Alex Holliman: I think it’s interesting, I think that in my experience, values are met by action. And so it’s like you say, it’s like you go around the block with someone a few times on that journey, you’ll get to see actually, who they are and how they are. And you know, how they treat people. And you know, what they think and those kinds of things. And so I don’t believe in and of themselves, they are the sole selection criteria. And very often, what I find is we have a slide where we talk about our values, I think they are important, they’re important for the agency, in terms of talking to staff in terms of this is how we work with clients. So I think internally, they’re really important, because it’s almost like a, if you’ve got a Viking longboat with a big feather at the end, beating the drum to make sure everyone keeps time, I think they’re important from that thing to make, like internally for an agency’s culture. But for clients very often why say, well, I’ll get to the slide of our values on these, hopefully, by the end of this document, you’ll get to feel that some of the values that we say we deliver, or we try and stand up to a meet, we are actually demonstrating that by the work that we’re just about to present to you/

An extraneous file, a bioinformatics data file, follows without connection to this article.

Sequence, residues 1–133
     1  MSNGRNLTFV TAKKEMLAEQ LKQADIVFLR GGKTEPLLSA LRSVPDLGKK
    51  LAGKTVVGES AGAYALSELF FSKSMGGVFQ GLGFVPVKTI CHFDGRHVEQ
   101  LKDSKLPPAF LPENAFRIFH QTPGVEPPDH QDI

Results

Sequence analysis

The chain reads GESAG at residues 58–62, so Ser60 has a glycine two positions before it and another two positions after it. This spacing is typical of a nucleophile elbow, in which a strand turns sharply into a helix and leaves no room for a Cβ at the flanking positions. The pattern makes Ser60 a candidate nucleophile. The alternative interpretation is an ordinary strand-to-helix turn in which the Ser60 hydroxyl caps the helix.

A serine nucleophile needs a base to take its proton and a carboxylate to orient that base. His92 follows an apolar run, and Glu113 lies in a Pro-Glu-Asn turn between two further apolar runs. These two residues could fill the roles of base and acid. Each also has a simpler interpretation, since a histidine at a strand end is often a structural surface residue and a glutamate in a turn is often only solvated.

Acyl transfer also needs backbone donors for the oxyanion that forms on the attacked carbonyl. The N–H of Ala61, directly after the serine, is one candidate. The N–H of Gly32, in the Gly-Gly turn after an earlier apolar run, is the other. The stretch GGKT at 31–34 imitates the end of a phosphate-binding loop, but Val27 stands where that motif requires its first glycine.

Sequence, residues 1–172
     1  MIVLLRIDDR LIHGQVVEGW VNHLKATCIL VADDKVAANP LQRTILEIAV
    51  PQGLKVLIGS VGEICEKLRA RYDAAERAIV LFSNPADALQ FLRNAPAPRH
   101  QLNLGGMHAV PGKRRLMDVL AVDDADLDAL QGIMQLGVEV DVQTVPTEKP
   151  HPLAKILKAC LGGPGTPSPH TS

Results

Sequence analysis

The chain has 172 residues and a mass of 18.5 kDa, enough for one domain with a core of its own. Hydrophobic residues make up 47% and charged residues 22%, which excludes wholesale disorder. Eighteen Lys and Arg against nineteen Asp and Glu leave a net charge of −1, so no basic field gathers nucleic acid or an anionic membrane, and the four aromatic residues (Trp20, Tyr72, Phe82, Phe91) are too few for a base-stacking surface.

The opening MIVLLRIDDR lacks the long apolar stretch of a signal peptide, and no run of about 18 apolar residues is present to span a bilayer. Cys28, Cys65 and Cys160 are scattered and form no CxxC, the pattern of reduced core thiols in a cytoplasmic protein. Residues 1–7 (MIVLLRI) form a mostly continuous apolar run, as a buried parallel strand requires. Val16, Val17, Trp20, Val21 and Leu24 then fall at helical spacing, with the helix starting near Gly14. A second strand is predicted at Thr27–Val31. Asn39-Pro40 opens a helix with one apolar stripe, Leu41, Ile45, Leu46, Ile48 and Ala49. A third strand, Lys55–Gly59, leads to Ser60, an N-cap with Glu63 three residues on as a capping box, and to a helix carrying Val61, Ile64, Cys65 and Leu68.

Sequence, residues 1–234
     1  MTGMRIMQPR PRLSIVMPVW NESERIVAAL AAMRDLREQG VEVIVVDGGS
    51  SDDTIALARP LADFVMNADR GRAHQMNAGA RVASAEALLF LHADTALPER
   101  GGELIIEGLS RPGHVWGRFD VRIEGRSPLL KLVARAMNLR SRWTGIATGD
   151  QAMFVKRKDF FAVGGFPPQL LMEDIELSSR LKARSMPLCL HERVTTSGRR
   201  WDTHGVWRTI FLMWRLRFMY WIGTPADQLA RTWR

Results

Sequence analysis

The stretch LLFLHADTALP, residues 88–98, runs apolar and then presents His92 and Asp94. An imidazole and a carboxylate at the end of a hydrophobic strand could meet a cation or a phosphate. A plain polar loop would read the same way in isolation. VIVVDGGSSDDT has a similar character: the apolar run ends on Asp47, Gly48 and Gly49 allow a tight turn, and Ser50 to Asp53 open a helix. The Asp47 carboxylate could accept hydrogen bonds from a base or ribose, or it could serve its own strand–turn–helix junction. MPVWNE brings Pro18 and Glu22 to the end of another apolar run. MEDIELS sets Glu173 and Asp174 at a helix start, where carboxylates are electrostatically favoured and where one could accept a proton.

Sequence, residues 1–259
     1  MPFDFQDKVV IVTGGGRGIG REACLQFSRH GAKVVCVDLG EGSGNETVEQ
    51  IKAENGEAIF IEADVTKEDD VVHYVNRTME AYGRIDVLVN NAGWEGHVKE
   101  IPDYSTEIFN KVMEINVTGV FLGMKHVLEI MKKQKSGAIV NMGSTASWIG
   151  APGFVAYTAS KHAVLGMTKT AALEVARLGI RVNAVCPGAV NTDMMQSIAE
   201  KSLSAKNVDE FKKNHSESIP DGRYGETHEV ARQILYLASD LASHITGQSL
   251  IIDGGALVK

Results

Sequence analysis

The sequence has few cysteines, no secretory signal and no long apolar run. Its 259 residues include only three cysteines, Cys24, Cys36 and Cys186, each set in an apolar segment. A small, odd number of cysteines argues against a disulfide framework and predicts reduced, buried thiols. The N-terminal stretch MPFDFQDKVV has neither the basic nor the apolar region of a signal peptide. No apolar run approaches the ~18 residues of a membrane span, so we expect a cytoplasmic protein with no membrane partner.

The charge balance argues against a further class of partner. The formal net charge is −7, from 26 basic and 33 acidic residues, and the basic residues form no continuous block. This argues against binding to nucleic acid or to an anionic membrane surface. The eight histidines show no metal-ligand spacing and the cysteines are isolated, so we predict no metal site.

Suds Singh: Going back to it’s more like, if you trust someone to read the journey to you being able to trust someone has to do with Do they seem like a fair person? Do they seem transparent? And do they? Are they honest people, you know, and,
Alex Holliman: And so that I once met someone who said one of his values was be trustworthy. And I sort of take that most people are actually trustworthy. But now you’ve said you’re trustworthy, I then think, well, why wouldn’t he be having to tell me was
Suds Singh: This fair, isn’t it there’s a there’s a, there’s a quote, by think Gotcha Moxie says, if you’re powerful than, you know, the, you know, say that a woman going around saying, I’m a woman, you know, you don’t need to say you’re a powerful person, if you really are, you don’t care about it, you know. And, you know, I think we tend to sometimes see the world from our perspective. So if you’re an honest, and you know, you’re transparent and fair person, you can actually assume everyone is. So you didn’t really have to go around and say, Yeah, you know, I’m this, you know, whereas it’s your actions anyway, you know, like, we pay people, we don’t get interns to work for us for free. You know, we don’t like drive people out. But you know, we pay people on time, one of the things I take pride in is because, you know, I’d rather I’d like to be treated in the way. You know, I treat people in the way I’d like to be treated. So that kind of energy goes up. And it’s those little clues like that you kind of give out even when we’re having this conversation, subconsciously, I think we pick up so I think I disagree with this kind of purpose driven Yeah, you know, where you we shouldn’t be a purpose. It’s more like, just live and breathe what you really are like, and you know, the right kind of people will come to you.